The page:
Showing posts with label 1486. Show all posts
Showing posts with label 1486. Show all posts

16 July 2018

Andrea del Sarto – painter

The brief career of an artist ‘senza errori’


Andrea del Sarto, captured here in a self- portrait. lived in Florence all his life
Andrea del Sarto, captured here in a self-
portrait. lived in Florence all his life
Renaissance artist Andrea del Sarto was born Andrea d’Agnolo di Francesco di Luca di Paolo del Migliore on this day in 1486 in Florence.

He had a brilliant career but died at the age of 43 during an outbreak of plague and afterwards his achievements were eclipsed by the talents of Da Vinci, Michelangelo and Raphael.

Andrea’s father, Agnolo, was a tailor and therefore the child became known as del Sarto, meaning son of the tailor.

As a young boy del Sarto was apprenticed to a goldsmith and then a woodcarver before being sent to learn to be an artist.

He decided to open a joint studio with an older friend, Franciabigio, and from 1509 onwards they were employed to paint a series of frescoes at Basilica della Santissima Annunziata in Florence. Del Sarto also painted a Procession of the Magi, in which he included a self-portrait, and a Nativity of the Virgin for the entrance to the church.

He married Lucrezia del Fede, a widow, in 1512 and often used her as a model for his paintings of the Madonna.

Part of Del Sarto's fresco series at the Villa Medici at Poggio a Caiano, near Florence
Part of Del Sarto's fresco series at the Villa Medici at
Poggio a Caiano, near Florence
After spending a year as court painter to Francis I of France in 1518, del Sarto returned home to his wife and was offered a major commission by the Medici family, to decorate the Villa Medici at Poggio a Caiano near Florence. The work was offered to him by Pope Leo X but the project ended when the Pope died in 1521.

Del Sarto’s fresco at the villa, Tribute to Caesar, is a fragment now incorporated into a much later decorative scheme.

His most important work is considered to be a series of frescoes on the life of St John the Baptist in the Chiostro dello Scalzo in Florence. He started the series in 1511 and it was not completed until 1526, so the work spans a large part of his career and most of the paintings are by his own hand.

Del Sarto's Nativity of the Virgin at the Basilica della Santissima Annunziata in Florence.
Del Sarto's Nativity of the Virgin at the Basilica
della Santissima Annunziata in Florence.
His artistic style reflected his interest in colour and atmosphere and showed natural expressions of emotion. Del Sarto had a reputation for integrity and professionalism and was regarded by his peers as an artist ‘senza errori’ - faultless.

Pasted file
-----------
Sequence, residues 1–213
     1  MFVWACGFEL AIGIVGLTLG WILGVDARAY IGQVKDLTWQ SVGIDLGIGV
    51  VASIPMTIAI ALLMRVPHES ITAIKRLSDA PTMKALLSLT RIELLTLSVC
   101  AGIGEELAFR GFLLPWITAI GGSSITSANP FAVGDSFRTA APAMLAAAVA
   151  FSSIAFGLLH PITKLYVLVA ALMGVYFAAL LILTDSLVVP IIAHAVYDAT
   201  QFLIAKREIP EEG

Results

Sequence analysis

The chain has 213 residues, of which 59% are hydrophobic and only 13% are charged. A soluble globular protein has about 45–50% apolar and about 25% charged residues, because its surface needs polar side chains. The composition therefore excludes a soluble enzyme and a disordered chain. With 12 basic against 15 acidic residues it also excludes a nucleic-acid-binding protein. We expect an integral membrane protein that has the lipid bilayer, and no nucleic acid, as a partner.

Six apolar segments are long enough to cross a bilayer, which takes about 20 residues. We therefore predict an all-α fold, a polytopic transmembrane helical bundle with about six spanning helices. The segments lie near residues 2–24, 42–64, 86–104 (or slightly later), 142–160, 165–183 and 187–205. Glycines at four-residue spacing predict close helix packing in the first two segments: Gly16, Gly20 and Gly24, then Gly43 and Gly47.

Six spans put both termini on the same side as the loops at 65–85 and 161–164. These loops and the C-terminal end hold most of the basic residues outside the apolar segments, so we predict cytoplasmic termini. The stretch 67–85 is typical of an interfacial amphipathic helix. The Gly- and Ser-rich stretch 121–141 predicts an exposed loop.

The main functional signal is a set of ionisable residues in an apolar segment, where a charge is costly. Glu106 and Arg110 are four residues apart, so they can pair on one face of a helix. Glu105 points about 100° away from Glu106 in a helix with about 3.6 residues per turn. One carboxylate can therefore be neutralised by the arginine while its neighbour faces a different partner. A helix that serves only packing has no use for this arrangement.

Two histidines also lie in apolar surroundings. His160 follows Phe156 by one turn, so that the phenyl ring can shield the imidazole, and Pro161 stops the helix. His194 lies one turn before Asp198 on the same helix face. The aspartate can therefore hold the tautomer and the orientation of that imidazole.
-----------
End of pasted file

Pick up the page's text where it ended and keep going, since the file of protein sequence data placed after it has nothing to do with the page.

Del Sarto had a house built for himself in Florence, which was modified by other painters who lived there later. He died at his home after plague swept the city in 1530. The exact date of his death is unknown but he was buried in the Basilica of Santissima Annunziata on September 29, 1530.

A play, Andrea del Sarto, by Alfred de Musset, was premiered in Paris in 1848. The 1968 opera Andrea del Sarto by the French composer Jean-Yves Daniel-Lesur was based on de Musset’s play.


The Basilica della Santissima Annunziata in Florence
The Basilica della Santissima Annunziata in Florence
Travel tip:

The Basilica della Santissima Annunziata, where Andrea del Sarto is buried, is in the Piazza della Santissima Annunziata in the San Marco district of Florence. The church was founded by the Servite order in 1250 and later rebuilt by Michelozzo between 1444 and 1481. Del Sarto’s frescoes can be seen in the atrium of the church. Newly wed couples traditionally visit the church to present a bouquet of flowers to a painting of the Virgin by a 13th century monk, where they pray for a long and fruitful marriage.

The Chiostro dello Scalzo in Via Cavour
The Chiostro dello Scalzo in Via Cavour
Travel tip:

The Chiostro dello Scalzo, where del Sarto painted his fresco cycle featuring the life of St John the Baptist, is in Via Cavour in the San Marco area near the Basilica della Santissima Annunziata. The cloister used to be the entrance to the chapel of the Confraternity of St John the Baptist, which was founded in 1376 and lasted until 1786. Thankfully the frescoes were preserved and can be viewed free of charge in the cloister every Monday and Thursday and on some Saturdays and Sundays each month.

More reading:

The precocious genius of Raphael

Michelangelo 'the greatest of all time'

The multiple talents of Leonardo da Vinci

Also on this day:

1194: The birth of Saint Clare of Assisi

1852: The birth of Neapolitan sculptor Vincenzo Gemito

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3 August 2017

Imperia Cognati - courtesan

Prostitute who became a celebrity


Raphael's Galatea in his frescoes at the Villa Farnesina in Rome is thought to be Imperia